Adam Lambert on Facing Homophobia, Mental Health Struggles Since 'American Idol' : 'I've Proven a Lot to Myself'

In this week's issue of PEOPLE, the rocker gets candid about the ups and downs he's faced in the 14 years since his American Idol run

Adam Lambert Rollout
Adam Lambert.

Adam Lambert has always had a flair for spectacle.

While posing for the cover art of his upcoming new album High Drama dropping this Friday, the rocker, who developed the visual concept — his face surrounded by cascading shards of glass — got cut across his nose during the first take.

"It wasn't deep, but it was definitely a bit of blood," he tells PEOPLE in this week's issue, on newsstands Friday. "I thought, 'Well, this is high drama.'"

Who would expect anything less from the man whose titanic voice made him famous 14 years ago as a contestant on American Idol? The resulting album cover (completed with a little help from Photoshop) is a striking representation of all the barriers Lambert, 41, has had to break through as a gay man in the industry.

After being outed during his Idol season, in which he placed second, he faced homophobic comments from viewers across the country. Still, Lambert kept moving forward, and three years after Idol, his second album, 2012's Trespassing, debuted at No. 1 on the Billboard 200 chart. (Hewas the first openly gay artistto do so.)

In 2011, he scaled even bigger heights when he became lead vocalist for the legendary British rock band Queen, joining them for world tours and performances at major events, including the late Queen Elizabeth's Platinum Jubilee in 2022.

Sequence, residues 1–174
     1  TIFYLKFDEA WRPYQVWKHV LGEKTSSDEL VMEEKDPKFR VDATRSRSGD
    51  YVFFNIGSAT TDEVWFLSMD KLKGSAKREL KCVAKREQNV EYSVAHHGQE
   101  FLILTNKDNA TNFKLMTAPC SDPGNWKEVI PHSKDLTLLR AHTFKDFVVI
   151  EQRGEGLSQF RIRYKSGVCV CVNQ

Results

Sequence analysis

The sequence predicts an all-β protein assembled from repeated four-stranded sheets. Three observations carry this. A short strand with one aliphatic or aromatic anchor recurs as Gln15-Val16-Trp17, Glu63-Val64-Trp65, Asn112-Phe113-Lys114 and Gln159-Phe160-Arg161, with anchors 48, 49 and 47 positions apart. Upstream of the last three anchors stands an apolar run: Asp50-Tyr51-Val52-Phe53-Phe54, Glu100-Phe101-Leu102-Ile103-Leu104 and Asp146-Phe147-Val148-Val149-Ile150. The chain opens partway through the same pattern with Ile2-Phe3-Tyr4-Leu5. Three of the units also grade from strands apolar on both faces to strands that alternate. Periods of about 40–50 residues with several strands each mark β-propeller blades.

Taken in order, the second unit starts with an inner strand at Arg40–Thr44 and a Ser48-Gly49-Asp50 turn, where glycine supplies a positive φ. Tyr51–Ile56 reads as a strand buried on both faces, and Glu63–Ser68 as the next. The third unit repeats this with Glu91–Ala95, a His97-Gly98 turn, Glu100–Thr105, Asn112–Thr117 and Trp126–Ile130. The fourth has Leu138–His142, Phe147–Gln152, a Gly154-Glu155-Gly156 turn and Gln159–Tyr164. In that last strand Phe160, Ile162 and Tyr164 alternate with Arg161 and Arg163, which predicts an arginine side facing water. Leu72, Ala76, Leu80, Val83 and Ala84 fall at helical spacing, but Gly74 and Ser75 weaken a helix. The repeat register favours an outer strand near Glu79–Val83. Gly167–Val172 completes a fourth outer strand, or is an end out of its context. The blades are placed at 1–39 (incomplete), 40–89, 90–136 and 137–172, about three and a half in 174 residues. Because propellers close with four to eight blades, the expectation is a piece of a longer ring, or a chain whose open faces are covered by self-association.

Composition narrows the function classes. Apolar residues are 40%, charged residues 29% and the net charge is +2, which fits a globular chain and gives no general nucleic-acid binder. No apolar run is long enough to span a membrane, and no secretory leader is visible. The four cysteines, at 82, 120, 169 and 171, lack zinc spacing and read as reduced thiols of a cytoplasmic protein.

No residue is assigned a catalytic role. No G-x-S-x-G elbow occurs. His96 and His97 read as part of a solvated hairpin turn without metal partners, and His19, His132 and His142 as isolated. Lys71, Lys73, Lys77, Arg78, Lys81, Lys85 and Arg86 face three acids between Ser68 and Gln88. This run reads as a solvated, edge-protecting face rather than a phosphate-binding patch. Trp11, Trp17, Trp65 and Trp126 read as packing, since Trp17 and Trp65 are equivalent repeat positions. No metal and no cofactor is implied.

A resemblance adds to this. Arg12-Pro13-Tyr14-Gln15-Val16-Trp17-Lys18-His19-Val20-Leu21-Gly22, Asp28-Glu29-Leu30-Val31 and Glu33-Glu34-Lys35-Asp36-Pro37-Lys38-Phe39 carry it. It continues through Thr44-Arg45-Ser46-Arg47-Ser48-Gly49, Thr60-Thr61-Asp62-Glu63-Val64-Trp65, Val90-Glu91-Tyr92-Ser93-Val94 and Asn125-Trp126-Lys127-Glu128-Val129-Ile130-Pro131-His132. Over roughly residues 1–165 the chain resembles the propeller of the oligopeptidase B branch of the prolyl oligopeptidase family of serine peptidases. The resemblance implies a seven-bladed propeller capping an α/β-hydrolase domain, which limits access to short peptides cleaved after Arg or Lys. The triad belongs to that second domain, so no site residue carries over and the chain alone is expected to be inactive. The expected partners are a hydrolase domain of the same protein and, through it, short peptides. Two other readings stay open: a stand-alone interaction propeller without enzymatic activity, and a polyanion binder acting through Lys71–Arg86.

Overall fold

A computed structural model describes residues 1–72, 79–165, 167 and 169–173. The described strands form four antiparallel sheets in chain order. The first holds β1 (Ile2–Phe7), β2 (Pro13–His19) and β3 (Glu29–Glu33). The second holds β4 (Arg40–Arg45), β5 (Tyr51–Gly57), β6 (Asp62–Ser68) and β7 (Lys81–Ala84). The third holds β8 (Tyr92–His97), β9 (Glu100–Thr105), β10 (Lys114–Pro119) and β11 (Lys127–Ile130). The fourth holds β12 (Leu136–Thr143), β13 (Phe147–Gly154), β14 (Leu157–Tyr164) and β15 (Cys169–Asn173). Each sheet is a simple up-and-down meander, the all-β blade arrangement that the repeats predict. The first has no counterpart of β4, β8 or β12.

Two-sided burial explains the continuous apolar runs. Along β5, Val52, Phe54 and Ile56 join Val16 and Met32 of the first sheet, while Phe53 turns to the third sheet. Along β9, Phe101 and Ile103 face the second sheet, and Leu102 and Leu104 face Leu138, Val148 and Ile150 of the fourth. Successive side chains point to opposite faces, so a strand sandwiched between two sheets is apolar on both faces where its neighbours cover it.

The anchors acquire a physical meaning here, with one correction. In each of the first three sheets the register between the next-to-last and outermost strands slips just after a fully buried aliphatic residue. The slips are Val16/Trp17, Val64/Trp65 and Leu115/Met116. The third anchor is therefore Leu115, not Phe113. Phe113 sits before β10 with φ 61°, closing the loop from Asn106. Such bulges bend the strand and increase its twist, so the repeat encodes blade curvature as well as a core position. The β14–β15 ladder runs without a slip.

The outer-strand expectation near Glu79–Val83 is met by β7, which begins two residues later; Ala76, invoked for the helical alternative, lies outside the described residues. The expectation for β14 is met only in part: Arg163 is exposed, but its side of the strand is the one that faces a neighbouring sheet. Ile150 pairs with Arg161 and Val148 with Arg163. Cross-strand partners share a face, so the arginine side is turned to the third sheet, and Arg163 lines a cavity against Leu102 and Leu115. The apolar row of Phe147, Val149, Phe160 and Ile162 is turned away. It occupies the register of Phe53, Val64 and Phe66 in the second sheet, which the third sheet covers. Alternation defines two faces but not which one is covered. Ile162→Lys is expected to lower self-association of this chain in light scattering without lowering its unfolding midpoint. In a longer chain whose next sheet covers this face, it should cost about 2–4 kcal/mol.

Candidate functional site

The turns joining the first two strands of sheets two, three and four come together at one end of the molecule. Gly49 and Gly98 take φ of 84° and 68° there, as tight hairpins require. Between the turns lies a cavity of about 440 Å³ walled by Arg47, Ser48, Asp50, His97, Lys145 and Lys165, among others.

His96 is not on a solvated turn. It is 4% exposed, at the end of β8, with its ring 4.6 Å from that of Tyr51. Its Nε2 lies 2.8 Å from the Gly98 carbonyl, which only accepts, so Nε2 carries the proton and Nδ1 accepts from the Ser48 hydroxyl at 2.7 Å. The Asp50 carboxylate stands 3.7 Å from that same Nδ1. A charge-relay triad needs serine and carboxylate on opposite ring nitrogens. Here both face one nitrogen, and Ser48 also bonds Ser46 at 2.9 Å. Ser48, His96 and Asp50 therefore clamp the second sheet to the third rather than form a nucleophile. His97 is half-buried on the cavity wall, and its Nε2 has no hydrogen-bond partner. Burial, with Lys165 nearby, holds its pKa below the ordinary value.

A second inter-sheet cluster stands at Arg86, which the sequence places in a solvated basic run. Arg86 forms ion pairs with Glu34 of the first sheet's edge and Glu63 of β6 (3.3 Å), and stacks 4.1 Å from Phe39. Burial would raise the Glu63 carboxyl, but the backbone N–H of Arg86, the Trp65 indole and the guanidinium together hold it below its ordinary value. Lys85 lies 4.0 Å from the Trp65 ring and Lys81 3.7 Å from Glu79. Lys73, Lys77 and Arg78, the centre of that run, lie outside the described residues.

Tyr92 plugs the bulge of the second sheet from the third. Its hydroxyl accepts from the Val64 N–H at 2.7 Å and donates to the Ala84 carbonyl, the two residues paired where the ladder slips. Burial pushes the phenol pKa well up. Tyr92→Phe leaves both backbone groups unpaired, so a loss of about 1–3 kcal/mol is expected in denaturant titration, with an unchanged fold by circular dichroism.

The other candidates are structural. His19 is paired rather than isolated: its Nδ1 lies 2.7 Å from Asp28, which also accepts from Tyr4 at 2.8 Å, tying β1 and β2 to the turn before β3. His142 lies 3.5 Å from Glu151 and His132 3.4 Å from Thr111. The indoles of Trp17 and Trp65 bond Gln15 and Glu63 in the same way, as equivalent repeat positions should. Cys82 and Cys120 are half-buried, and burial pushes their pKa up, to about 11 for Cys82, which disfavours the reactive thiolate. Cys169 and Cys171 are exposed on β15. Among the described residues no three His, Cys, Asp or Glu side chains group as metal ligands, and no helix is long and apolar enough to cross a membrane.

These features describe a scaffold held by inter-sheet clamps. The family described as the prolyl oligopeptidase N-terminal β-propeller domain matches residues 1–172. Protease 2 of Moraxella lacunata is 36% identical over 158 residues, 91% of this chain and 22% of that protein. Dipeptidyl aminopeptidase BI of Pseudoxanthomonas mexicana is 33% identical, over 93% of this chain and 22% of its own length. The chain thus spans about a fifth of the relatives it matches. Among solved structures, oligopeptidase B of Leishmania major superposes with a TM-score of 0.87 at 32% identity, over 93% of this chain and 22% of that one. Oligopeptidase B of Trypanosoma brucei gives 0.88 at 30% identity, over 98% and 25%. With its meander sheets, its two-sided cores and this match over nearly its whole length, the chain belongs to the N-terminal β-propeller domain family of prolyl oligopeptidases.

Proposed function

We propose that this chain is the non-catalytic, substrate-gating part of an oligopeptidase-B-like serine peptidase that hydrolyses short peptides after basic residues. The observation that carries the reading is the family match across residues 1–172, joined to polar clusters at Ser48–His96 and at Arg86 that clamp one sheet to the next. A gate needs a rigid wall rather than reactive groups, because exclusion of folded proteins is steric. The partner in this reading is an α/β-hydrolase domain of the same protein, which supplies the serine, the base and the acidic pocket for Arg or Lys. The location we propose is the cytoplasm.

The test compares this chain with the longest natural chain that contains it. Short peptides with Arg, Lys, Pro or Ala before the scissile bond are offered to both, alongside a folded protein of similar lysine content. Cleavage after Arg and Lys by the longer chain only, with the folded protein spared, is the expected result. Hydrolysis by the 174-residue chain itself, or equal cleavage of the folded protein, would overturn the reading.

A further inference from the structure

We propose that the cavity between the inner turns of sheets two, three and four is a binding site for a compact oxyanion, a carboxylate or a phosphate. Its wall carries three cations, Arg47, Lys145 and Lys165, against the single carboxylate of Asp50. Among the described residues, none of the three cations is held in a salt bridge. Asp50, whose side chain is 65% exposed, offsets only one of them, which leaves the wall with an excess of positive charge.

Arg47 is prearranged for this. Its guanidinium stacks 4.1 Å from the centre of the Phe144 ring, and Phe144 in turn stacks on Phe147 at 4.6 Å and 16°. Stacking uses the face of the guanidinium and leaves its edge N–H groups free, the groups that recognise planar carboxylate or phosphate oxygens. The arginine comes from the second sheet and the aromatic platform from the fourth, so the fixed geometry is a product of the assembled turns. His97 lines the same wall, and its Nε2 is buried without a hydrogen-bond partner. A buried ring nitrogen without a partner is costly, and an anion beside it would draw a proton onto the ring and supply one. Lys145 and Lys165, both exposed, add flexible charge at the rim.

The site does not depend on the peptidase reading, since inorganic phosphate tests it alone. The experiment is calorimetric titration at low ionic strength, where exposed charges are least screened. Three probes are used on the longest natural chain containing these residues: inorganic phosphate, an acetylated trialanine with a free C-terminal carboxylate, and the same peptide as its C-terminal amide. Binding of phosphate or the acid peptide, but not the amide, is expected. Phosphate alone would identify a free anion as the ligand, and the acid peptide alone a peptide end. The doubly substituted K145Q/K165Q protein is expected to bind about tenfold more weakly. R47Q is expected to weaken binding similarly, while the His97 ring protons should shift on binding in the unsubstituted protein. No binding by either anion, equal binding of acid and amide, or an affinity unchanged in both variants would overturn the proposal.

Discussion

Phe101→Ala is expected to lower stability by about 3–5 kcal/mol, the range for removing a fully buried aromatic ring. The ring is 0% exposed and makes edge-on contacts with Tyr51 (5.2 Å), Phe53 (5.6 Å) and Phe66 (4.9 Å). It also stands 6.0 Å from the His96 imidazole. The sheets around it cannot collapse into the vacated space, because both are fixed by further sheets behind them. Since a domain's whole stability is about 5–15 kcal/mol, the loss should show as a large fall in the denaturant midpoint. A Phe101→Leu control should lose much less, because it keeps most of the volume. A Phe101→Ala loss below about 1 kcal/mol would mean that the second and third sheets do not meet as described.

"I'm proud to say that I was part of a wave of people who were pushing the conversation," he says. "I've proven a lot to myself."

Beyond the outer forces that have tried to bring him down, some of his toughest battles have been with himself. After struggling with his self-image and mental health for years, he finally fully appreciates the person he sees in the mirror.

"Self-love is an ever-evolving journey," Lambert says. "But I feel more sure of myself than I've ever been."

Says his close friend, TV host Karamo Brown: "Adam is a trailblazer and visionary. I'm honored to be his friend."

Adam Lambert Rollout
Adam Lambert High Drama cover.

In a sense, he's recaptured a feeling he had when he was younger. He grew up in San Diego with "very cool parents"— mom Leila, a dental hygienist, and dad Eber, a program manager for a broadband wireless company — and always felt free to be himself.

"I looked to people who were really bold," says Lambert, whose inspirations growing up included Boy George, Melissa Etheridge, George Michael and Elton John.

By the time he auditioned for Idol in 2008 with Queen's "Bohemian Rhapsody," he had been out as a gay man to his friends and family for eight years.

"I was very comfortable and secure with who I was," he recalls.

Adam Lambert Rollout
Adam Lambert on American Idol. M Becker/Getty

While Lambert never openly stated that he was gay as he breezed through the competition each week, he wasn't hiding his sexuality.

"It was never a secret," he says. "During the live broadcast, there was no one asking me what my sexual preference was, and we weren't allowed to do interviews during the show back then because they wanted to keep everyone on a level playing field."